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Rabbi Chaim Coffman
Rabbi Coffman has helped people from all across the spectrum to prepare themselves properly for Orthodox Conversion to Judaism. His students admire his vast knowledge and appreciate his warm, personal attention and endearing sense of humor.
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Welcome to Rabbi Chaim Coffman's Blog!

I would like to thank you for visiting my blog, Beyond Orthodox Conversion to Judaism.

The conversion process can be a lengthy and daunting one to say the least and I want you to know that I am here to help you through it.

I have been teaching newcomers to Judaism for over a decade and over the last few years I have seen that conversion candidates really lack the support and knowledge they need to navigate the conversion process and successfully integrate into the Orthodox Jewish community.

I created my mentorship program in order to help make this whole experience as smooth and as painless as possible! (Can't do much about the growing pains, though ;)

Feel free to get to know me a little through the posts on my blog and visit the mentorship and syllabus page if you are interested in possible joining us.

I sincerely wish you all the best in your search for truth and spiritual growth.

Looking forward to meeting you,
Chaim Coffman

My Rebbe, Rav Moshe Sternbuch

In case you were wondering why I have all of these articles written by Rav Moshe Sternbuch, he is my Rebbe, and one of the gedolei hador (greatest Rabbis of our generation).

Rav Sternbuch fully endorses me and supports my mentorship program.

He is the address for all of my halachic or hashkafic (practical and philosophical) questions that I or my students may have.

The articles are based on his weekly talks on the Torah portion that the Rav gives in Jerusalem in his kollel. As a member of the kollel I get first dibbs on the photocopies and I type them up for my blog so you can all benefit from the Rav's erudition and insight.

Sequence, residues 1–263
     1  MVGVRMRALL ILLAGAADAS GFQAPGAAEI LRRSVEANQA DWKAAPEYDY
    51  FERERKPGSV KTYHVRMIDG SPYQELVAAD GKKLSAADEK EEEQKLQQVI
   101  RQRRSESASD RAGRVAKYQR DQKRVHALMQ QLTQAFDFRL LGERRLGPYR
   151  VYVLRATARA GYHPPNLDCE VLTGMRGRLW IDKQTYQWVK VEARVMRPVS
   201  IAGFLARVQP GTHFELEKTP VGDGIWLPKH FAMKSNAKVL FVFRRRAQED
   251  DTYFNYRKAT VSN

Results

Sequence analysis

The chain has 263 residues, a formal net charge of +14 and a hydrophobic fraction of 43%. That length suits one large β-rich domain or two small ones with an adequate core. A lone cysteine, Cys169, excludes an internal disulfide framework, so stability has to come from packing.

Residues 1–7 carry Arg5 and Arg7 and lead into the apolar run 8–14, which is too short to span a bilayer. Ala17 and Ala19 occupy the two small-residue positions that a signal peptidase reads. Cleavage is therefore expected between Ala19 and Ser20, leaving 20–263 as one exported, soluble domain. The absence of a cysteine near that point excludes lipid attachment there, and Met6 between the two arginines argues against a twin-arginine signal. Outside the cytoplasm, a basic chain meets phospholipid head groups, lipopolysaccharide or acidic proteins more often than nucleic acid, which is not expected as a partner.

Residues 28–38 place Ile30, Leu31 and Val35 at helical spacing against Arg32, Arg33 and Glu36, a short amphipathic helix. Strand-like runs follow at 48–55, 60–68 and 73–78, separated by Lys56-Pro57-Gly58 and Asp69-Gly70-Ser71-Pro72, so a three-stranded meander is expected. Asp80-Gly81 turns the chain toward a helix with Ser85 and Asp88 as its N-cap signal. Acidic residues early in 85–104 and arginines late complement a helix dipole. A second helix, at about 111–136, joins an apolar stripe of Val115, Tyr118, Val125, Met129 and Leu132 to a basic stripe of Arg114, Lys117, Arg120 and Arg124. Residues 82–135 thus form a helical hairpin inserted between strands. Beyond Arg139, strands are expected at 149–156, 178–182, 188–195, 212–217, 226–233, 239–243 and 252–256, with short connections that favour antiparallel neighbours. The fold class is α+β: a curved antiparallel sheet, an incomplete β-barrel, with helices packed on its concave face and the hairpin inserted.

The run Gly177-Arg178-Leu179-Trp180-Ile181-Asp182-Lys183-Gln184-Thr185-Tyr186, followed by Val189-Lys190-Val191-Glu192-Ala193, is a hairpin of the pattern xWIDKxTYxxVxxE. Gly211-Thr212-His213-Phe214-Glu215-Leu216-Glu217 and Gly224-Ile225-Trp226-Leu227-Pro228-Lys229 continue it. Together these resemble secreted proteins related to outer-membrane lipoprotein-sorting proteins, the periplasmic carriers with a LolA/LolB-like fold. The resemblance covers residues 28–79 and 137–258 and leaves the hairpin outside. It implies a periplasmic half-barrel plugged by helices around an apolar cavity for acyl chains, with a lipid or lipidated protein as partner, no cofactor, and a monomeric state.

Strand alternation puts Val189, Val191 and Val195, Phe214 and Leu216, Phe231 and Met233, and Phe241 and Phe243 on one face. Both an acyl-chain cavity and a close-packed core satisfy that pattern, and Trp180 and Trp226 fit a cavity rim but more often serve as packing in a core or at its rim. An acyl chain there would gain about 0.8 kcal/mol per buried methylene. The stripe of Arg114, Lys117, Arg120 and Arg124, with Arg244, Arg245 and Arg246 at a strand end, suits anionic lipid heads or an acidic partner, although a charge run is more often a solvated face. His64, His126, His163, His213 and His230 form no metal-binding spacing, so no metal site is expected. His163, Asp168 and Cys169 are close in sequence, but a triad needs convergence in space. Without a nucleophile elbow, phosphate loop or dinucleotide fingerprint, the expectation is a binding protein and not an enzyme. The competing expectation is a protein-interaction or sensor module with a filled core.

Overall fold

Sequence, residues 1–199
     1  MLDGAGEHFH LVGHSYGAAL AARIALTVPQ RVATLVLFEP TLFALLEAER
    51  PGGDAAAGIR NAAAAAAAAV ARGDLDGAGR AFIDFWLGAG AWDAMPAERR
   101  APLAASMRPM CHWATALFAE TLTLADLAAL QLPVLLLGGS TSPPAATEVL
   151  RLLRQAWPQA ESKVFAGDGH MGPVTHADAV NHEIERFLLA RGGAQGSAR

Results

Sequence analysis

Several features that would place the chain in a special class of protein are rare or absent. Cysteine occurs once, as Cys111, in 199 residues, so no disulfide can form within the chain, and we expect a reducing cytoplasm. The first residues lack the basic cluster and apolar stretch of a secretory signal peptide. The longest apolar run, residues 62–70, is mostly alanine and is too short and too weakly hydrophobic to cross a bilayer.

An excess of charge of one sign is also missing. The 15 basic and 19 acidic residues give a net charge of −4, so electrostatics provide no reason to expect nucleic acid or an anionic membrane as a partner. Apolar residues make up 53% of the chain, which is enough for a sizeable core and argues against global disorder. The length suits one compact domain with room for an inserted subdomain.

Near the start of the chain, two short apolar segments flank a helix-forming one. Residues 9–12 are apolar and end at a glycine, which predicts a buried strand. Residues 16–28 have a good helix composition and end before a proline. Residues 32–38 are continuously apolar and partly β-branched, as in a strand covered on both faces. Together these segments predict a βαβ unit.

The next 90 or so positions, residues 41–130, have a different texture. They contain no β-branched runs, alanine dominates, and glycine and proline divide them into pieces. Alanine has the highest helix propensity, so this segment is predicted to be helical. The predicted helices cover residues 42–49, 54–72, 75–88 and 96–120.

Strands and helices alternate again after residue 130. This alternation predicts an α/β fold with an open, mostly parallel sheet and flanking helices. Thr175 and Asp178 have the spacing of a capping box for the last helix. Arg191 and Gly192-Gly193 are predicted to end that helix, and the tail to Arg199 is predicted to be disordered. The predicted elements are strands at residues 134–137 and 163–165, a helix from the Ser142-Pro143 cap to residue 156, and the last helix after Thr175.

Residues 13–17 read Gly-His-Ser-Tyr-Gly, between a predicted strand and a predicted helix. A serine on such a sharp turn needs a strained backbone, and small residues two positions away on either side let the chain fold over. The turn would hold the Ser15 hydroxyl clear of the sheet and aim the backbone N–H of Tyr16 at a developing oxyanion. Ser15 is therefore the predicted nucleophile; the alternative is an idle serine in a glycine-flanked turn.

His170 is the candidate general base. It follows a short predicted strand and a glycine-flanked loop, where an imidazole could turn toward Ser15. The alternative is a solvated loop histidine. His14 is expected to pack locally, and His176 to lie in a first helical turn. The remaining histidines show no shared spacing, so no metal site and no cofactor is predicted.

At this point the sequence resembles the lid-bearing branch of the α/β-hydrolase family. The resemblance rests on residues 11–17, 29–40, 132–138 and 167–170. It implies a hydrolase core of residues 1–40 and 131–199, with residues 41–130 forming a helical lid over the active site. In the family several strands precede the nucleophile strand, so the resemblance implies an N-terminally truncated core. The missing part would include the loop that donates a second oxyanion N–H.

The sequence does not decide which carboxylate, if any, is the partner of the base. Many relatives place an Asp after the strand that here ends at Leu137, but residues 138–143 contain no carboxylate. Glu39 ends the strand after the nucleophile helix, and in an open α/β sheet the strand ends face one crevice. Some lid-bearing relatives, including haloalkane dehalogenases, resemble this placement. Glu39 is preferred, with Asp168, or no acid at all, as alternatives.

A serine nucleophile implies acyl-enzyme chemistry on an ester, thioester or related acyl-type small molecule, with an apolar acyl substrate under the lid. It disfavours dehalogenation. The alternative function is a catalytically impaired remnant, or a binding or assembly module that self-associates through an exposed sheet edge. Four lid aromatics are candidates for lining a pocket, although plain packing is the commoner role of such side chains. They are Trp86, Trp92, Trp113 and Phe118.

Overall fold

Tuesday, January 26, 2010

How do I Incorporate the Secular World into my "New" Life

A common problem that most baalei teshuvah and converts have is how to incorporate their new lifestyle back into their old lifestyle. Once someone decides to either become religious or want to convert, they are very excited about their new found practices and eager to put what they learn into practice.

What about their old friends? What about the workplace? Is it throw out the old and in with the new? Do they straddle both worlds ie keep the good parts of the secular world with their new belief system?

How does this work or does it?

An important factor in this discussion is how we would like our home to look. If Torah is the ideal that we try and live and incorporate in our lives, do we want to bring the street into our house?

Yes, we have to be in the secular world so we can earn a livelihood. It doesn't mean, though we have to integrate these negative values in our lives. Movies, newspapers....many things that could possibly be antithetical to Torah.

If these things are full of lies, speak loshan hara, nivul peh...why would we want these things in our homes and why would we want to expose our kids to them?

Do they have any redeeming qualities that they give us? if there are, then is it possible to straddle both worlds?

The answer is that we must use secular world to be able to earn a livelihood. Earning a livelihood is only a means to an end to be able to learn Torah. Once we are "done" providing for our families, then we have an obligation to learn Torah.

This means that really, we are doing everything in our power to live a Torah lifestyle. We, as Torah Jews, have an obligation to sanctify the profane.

In some ways, this is what the festive mean we make on Purim is all about. We celebrate Haman's downfall, through this feast while at the same time, we joke and are merry.

At the same time, though, if we drink too much and only words of folly and stupidity come out, then we are not allowed to drink that much on Purim. The gemara tells us that one way to test a person is to see how they react when they have drank alchohol.

If only words of Torah come out, then we see that the neshama has been infused with the proper "soul food" and that person makes a tremendous kiddush Hashem.

The Ramchal tells us that we have the ability to sanctify every moment, either we are going up or down. Every day is a new opportunity to sanctify the profane.

May we always be up to the challenge and succeed!


Ask the Rabbi said...

What about covering ones hair, at what point do you tell your students to cover?